Source: Sergey Nivens/Shutterstock The recent study by first author Mychael Lourenco et al., “ Exercise-Linked FNDC5/Irisin Rescues Synaptic Plasticity and Memory Defects in Alzheimer’s Models ,” adds to a growing body of evidence that exercise-induced irisin may protect against neurodegeneration and boost memory in both humans and mice.
This pioneering research was explicitly designed to measure how the brain responds to single bouts of aerobic activity in otherwise sedentary mice. In recent years, there's been a lot of human and animal research on the long-term neuroprotective benefits of daily exercise. However, until now, neuroscientists haven't explored how "acute" single episodes of physical activity trigger exercise-activated genes in the brain that may affect learning and memory .As the authors explain, "Our results provide the first evidence for activity-dependent expression of an I-BAR protein [Mtss1L] as well as a role in experience-dependent remodeling of synapses." To the best of my knowledge, this is the first study to pinpoint Mtss1L as a possible exercise-induced enhancer of synaptic function.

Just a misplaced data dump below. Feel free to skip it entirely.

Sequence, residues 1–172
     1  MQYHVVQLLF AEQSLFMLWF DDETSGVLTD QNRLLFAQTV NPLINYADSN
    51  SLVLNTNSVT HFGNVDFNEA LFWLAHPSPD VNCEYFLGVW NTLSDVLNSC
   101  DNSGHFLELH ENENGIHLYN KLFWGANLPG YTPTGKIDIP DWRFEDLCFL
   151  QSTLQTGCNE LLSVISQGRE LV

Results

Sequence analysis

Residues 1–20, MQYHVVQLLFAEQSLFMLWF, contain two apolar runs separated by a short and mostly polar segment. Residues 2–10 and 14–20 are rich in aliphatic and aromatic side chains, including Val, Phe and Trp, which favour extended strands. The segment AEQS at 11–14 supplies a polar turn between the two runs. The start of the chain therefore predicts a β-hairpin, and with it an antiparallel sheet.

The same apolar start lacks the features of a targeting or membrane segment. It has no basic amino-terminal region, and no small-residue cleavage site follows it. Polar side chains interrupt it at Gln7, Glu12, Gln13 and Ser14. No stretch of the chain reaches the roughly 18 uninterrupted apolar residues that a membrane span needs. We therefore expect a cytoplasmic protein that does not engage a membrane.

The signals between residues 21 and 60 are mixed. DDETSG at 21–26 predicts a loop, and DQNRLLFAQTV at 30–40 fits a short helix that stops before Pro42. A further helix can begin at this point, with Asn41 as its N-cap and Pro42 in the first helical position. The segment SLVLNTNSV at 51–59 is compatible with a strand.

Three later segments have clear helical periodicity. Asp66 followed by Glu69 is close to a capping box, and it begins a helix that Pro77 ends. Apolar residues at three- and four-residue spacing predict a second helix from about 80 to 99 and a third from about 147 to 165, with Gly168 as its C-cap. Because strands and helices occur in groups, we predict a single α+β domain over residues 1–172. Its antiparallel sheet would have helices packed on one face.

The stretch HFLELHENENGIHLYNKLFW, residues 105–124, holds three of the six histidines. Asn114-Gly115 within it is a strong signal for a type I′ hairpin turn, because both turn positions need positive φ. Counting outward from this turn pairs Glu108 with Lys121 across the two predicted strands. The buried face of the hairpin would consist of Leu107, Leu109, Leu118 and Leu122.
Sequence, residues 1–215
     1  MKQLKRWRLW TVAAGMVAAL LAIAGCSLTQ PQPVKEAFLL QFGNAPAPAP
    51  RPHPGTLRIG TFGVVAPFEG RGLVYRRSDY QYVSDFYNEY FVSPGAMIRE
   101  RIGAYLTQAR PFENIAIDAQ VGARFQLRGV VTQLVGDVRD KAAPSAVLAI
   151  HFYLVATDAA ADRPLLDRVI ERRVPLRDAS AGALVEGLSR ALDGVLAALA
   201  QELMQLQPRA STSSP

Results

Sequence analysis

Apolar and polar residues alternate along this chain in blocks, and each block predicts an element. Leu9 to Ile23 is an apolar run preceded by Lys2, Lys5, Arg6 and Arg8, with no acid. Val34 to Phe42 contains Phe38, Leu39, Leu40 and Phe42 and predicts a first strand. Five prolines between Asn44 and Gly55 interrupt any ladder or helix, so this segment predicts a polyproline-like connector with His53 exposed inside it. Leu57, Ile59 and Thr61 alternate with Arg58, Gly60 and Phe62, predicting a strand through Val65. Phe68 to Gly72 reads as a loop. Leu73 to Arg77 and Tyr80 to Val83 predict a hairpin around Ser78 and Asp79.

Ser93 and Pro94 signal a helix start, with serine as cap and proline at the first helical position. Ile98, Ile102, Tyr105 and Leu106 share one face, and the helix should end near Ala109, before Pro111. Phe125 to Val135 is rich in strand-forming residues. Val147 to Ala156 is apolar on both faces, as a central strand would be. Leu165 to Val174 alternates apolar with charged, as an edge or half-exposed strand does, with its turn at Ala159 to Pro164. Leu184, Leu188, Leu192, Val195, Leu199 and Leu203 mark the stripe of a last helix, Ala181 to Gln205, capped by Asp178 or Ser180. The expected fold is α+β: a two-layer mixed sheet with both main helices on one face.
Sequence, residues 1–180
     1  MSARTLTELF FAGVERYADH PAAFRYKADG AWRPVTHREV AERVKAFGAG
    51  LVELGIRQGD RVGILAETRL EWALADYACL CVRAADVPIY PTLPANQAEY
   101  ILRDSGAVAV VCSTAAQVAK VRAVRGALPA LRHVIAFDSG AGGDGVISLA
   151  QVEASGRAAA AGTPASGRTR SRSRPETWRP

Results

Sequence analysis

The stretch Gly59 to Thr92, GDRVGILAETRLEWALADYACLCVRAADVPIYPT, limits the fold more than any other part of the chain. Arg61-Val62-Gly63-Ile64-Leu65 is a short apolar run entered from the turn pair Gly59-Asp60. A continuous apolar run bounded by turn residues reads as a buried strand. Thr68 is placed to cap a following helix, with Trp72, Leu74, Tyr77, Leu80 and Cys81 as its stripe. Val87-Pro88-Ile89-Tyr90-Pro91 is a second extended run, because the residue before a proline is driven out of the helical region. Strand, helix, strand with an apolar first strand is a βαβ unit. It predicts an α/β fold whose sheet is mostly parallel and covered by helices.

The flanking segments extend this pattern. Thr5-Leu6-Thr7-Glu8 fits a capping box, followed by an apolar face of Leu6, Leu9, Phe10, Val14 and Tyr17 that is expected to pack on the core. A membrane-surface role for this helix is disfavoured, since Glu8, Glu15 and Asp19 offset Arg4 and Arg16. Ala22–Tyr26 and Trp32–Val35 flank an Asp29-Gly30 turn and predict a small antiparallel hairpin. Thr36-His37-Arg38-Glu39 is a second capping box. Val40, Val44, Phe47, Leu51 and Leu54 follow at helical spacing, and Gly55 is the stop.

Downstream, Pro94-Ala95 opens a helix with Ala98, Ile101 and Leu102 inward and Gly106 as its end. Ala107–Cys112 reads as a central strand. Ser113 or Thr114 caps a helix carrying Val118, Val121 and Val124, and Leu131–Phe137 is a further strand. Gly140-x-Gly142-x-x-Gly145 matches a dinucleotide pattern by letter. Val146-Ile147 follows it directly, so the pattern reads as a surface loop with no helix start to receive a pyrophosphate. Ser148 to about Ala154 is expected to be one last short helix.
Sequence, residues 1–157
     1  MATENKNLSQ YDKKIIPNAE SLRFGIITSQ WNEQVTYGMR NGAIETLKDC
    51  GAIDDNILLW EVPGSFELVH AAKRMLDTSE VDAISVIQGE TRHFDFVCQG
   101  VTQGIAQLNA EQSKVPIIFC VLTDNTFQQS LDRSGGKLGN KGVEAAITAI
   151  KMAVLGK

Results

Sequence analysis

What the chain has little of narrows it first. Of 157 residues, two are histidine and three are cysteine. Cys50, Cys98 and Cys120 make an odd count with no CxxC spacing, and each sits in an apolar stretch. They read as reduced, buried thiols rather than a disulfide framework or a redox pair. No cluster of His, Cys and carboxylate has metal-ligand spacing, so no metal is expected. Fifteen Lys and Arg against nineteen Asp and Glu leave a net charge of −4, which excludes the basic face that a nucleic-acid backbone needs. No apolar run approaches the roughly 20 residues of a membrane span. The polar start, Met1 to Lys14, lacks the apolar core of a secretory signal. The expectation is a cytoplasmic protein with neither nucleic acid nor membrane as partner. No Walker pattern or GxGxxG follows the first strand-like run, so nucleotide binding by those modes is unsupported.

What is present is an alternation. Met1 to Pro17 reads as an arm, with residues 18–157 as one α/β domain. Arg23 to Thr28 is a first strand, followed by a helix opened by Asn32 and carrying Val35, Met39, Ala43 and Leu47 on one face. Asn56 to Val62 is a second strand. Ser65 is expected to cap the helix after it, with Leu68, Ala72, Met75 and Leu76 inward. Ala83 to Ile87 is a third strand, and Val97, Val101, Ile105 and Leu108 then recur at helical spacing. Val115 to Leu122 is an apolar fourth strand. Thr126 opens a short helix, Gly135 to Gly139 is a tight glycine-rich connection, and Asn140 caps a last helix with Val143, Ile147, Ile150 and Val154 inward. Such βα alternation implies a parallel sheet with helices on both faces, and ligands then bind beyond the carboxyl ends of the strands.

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In the paper's discussion, the authors sum up the potential real-world significance of their findings:
"How might these results relate to the beneficial effects of exercise? One possibility consistent with our data is that exercise acts as a preconditioning signal that primes exercise-activated neurons for contextual information incoming during the several days following exercise. This represents a broader time window than is usually associated with short-term plasticity. For example, human studies give support for the idea that exercise within four hours of a learning task improved memory performance (van Dongen et al., 2016). It will be interesting to examine if exercise enhances the pattern of granule cell responses to spatial or context-specific tasks. Our identification of Mtss1L as an activity-dependent I-BAR domain protein makes it ideally suited to act as an early mediator of structural plasticity following neural activity."
For the next phase of this research, Westbrook and colleagues at OHSU plan to couple specific learning tasks with acute bouts of aerobic exercise in an attempt to better understand how triggering exercise-induced Mtss1L may prime the brain for learning.